Last week’s final U.S. presidential debate – on foreign policy – included only passing reference to two sub-Saharan African countries – Somalia and Mali. But while the outcome of Tuesday’s poll will more likely hinge on the performance of the American economy than on any foreign policy issue, many with an interest in the continent are still wondering: what would a Mitt Romney presidency mean for Africa?
Given the paucity of insight offered up by the two candidates in the debates, it’s probably wise to start with Romney’s stated goals on his campaign website.
After a prosaically accurate introduction, Romney’s Africa platform first details “Obama’s Failures,” noting that “After holding great expectations for the Obama administration, our African partners have been deeply disappointed.”
To be sure, Obamania was pervasive in Africa, not only because of the president’s familial lineage in Kenya, but also due to the symbolism of a black man becoming the leader of the world’s most powerful country. With that in mind, it’s hardly surprising Obama’s 2009 visit to Ghana has been hailed by many as historic.
But African praise has waned as Obama’s tenure has progressed. Conservative Christian and Muslim groups across the continent, for example, have been angered at the administration’s bold pro-gay rights platform given that homosexuality is widely considered a cultural and religious taboo across much of the continent (indeed it is illegal in many African states).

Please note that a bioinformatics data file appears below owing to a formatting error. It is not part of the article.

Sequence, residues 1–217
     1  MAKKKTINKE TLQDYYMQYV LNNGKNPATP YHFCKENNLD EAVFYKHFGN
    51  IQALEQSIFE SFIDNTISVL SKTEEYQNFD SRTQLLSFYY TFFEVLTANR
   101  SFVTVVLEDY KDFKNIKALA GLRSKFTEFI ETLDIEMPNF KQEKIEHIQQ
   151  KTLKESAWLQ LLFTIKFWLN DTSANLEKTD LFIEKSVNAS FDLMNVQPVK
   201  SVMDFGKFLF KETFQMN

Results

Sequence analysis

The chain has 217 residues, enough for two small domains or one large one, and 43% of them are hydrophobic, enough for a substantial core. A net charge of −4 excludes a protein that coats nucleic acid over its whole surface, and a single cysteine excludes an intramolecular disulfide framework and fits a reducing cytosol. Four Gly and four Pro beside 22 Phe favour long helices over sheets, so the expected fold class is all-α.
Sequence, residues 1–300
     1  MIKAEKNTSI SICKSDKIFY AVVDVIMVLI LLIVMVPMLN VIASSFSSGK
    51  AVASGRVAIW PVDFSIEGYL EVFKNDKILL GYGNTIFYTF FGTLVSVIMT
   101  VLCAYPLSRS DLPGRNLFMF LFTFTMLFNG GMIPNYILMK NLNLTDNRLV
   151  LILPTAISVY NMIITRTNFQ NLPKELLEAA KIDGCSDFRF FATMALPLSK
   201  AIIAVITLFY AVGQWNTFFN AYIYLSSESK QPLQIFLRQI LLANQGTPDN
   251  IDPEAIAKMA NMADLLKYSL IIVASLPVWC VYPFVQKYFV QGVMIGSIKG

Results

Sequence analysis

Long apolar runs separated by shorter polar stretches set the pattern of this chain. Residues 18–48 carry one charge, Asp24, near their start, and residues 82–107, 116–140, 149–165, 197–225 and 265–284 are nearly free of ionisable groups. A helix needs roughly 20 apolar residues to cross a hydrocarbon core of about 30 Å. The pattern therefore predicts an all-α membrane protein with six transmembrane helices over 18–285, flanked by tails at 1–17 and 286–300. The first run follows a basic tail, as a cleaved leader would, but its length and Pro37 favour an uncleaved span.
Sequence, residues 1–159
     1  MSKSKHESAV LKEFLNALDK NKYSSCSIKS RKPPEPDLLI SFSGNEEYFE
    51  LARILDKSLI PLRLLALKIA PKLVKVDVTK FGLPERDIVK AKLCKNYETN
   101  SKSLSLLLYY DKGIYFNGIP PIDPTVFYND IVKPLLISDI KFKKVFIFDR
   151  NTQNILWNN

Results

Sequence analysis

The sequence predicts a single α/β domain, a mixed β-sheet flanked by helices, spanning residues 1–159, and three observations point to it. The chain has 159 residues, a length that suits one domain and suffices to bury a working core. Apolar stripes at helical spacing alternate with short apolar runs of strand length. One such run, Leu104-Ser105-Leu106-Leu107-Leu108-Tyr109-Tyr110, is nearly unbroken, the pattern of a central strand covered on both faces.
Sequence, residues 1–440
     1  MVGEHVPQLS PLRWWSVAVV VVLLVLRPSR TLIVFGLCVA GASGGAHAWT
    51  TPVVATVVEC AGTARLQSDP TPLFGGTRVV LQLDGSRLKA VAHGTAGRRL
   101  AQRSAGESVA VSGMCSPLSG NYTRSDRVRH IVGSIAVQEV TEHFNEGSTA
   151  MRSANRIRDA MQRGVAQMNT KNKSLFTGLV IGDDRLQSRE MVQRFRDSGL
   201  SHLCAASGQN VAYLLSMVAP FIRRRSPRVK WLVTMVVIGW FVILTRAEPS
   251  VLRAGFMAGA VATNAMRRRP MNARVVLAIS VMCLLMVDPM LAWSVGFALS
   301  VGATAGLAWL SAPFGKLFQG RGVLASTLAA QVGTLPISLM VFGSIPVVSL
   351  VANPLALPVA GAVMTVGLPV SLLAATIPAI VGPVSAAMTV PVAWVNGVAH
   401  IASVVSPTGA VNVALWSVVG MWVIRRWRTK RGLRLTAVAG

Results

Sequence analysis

In addition, the Obama administration has come in for criticism for increasing the U.S. footprint on the continent, whether it be American backing for the Western intervention in Libya, or the growing opposition to the use of unmanned drones in Somalia and the claims of secret U.S. bases in Ethiopia and the Seychelles. Writes one commentator from the state-sponsored Herald newspaper in Zimbabwe: “There is indeed nothing that the ordinary African or revolutionary Africa has gained from Obama, except backlash for failing to support gay rights, to observe Eurocentric and American ethnocentric values of democracy, good governance and accountability.”
The Romney campaign for its part is critical of the Obama administration over the continued presence of Al-Shebab terrorists in Somalia, as well as its alleged failure to capitalize on South Sudan’s independence in the face of an encroaching Chinese presence. None of these complaints, of course, can be laid solely at the door of the Obama administration, and none do much to shed light on what a Romney presidency would do differently.
Romney’s campaign site also lays out a broad, two-pronged approach to the continent: 1) improving economic ties and the rule of law and 2) leading on security and human rights.
The first is the Romney campaign’s strongest and least controversial plank: “Africa’s road to stability and prosperity lies through a robust private sector economy, increased trade, and good governance.” However, while deeper commercial ties with the U.S. might be beneficial, such free market talk is regarded with healthy doses of skepticism on the continent. After all, memories of the African Growth and Opportunity Act (a preferential trade agreement signed between the United States and Africa in 2000) still linger: an estimated 80 percent of that trade volume is comprised of primary products like gas and oil, with negligible trade coming from manufactured goods.